Bomb-making materials found at teen terror suspect's home, court documents say
Sabrine Djermane's sister tipped off police that she was living beyond her means
Newly released court documents shed light on what raised police suspicions about Sabrine Djermane and El Mahdi Jamali, the Montrealers who were teenagers when they were charged with several terrorism-related offences in 2015.
The documents show that it was Djermane's sister who tipped off police and that investigators found materials that could be used to make a homemade bomb at Jamali's home.
The two former College Maisonneuve students each face four charges:
- Attempting to leave Canada to commit a terrorist act.
- Possession of an explosive substance.
- Facilitating a terrorist act.
- Committing an act under the direction of or for the profit of a terrorist organization.
Djermane and Jamali, now both 20, have pleaded not guilty and are scheduled to face trial before a judge and jury in September.
The new information comes from portions of search warrant documents that were previously subject to a publication ban.
A judge lifted parts of the ban Thursday.
Sister, friend concerned
Djermane's sister contacted police in April 2015, just a few days before Djermane and Jamali were arrested, telling investigators she was worried her sister had become radicalized.
The sister told police that Djermane had left the family home earlier that month after an argument with her parents over her intention to marry her boyfriend, Jamali.
She said Djermane was living beyond her means, in a condo that cost $1,100 a month.
Investigators also spoke to a friend of Djermane's, who told them Djermane was behaving like someone who'd been radicalized.
The friend said Djermane rarely went out, spoke often of religion and frequently lied to and manipulated people in her circle.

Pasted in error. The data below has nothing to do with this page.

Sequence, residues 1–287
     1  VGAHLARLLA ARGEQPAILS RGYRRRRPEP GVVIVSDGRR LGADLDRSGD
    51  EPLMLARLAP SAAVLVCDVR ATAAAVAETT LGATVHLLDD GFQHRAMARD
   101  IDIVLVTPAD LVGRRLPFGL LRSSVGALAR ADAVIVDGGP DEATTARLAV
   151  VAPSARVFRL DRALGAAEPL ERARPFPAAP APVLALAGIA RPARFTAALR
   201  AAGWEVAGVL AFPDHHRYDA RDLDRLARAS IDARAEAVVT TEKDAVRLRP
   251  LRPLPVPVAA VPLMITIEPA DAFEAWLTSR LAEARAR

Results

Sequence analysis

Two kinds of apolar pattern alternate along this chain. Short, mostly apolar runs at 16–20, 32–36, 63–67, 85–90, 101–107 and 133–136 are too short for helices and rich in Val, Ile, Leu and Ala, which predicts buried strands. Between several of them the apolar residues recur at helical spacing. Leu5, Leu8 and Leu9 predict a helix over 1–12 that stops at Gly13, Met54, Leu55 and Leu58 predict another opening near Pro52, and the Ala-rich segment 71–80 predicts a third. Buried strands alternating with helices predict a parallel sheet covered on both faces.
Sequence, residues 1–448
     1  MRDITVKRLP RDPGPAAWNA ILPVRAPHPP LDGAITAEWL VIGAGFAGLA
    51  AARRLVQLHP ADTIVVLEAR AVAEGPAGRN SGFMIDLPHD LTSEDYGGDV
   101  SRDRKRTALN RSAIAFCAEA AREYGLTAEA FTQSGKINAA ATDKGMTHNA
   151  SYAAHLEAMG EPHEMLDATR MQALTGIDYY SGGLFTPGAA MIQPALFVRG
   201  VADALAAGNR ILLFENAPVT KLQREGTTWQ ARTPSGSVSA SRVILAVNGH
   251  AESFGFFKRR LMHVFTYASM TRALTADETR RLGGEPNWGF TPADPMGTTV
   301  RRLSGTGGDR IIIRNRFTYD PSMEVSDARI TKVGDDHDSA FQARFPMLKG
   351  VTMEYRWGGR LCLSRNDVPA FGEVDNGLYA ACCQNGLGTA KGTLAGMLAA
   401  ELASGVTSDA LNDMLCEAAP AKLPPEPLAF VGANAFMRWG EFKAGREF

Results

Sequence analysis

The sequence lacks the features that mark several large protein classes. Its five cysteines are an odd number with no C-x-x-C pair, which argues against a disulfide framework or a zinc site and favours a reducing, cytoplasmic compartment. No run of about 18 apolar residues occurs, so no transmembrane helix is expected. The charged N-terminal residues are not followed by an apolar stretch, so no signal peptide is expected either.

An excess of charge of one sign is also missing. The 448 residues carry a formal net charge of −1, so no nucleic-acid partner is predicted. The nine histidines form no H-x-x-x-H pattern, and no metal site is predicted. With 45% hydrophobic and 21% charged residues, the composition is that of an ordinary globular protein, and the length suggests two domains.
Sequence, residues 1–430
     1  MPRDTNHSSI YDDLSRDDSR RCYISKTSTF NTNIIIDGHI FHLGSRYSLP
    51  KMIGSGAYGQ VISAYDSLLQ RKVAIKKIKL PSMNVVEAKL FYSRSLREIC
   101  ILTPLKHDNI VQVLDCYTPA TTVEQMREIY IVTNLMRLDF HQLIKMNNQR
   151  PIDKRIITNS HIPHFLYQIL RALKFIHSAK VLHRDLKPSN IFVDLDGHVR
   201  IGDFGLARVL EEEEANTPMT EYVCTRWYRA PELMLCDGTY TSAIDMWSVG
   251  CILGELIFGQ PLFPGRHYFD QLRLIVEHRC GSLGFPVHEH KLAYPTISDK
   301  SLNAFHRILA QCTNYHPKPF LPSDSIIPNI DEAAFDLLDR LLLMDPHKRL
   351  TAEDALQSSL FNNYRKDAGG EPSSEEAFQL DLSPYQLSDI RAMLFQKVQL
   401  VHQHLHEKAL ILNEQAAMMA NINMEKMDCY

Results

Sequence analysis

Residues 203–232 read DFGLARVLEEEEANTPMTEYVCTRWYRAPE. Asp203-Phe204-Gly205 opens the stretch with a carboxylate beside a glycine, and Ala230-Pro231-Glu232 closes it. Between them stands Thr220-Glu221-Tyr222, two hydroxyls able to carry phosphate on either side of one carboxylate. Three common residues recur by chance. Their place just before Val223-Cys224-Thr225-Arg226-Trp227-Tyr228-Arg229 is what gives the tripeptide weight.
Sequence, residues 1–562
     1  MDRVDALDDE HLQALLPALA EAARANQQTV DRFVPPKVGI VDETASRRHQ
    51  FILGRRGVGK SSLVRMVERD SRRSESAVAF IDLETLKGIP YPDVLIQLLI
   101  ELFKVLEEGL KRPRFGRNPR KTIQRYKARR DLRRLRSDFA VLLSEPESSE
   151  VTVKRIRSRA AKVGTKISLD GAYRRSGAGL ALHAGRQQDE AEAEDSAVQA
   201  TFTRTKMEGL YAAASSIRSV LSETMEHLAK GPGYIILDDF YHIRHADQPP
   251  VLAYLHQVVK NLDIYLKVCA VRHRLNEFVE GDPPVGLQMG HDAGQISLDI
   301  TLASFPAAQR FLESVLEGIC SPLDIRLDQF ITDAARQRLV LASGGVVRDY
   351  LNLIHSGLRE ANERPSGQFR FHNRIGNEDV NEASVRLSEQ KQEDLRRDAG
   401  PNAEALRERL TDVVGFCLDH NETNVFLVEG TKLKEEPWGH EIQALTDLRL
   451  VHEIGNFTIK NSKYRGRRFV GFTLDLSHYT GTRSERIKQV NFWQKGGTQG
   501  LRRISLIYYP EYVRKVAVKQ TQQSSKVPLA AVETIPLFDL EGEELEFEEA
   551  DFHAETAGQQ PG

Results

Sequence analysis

The friend was also concerned about Djermane's finances, telling investigators she and Jamali were living together in an expensive apartment and spending money they didn't have on clothes, a television, a computer and a digital camera.
The documents also list items police found when they searched the apartment the couple was living in, as well as in Jamali's family home.
They included a notebook with instructions on how to make a bomb using a pressure cooker.
Police also found a Dollarama bag containing a roll of duct tape, two nine-volt batteries, a box of nails, Super Glue and a receipt from Dollarama.
The receipt listed other items, including a clock and wooden matches.
Investigators concluded these items could have been used to make an improvised explosive device.
Investigators also seized a document called "Put Your Trust in Allah."
The document referred to the seven gifts someone would receive in the afterlife as a martyr for jihad.
Djermane's sister told police she had seen Jamali's Facebook page and that it featured a photo of a jihadist flag and videos inciting people to fight in Syria.
Police examined the Facebook page and found a video apparently showing combatants inside what appeared to be a mosque involved in a gunfight, along with several references to Islamophobic people as traitors.
It also contained several publications about seminars and conferences at the Islamic Community Centre of East Montreal, which is managed by well-known Muslim leader Adil Charkaoui.
Preparing to leave
At the apartment the couple shared, investigators also found evidence suggesting the pair might have been preparing to leave the country.
They found an application for a new Canadian passport with Djermane's name on it.
They also found a new suitcase with a price tag on it, filled with new clothing that also had price tags still attached.
'Not black and white': defence lawyer
Jamali's defence lawyer, Tiago Murias, cautioned against jumping to conclusions based on the parts of court documents that have now been unsealed.
"There is a difference between believing something and actually doing something criminal," Murias told CBC News. "We strongly believe we will be able to convince a jury there's some subtleties and some liberties involved in that.
"It's not a black-and-white case."
Murias said the defence plans to challenge the constitutionality of some aspects of the terror charges his client faces, which he said have never been tested by the courts.
"We are seriously looking to ask the courts to pronounce themselves on the legality of some sections of the Criminal Code," he said.
With files from Alison Northcott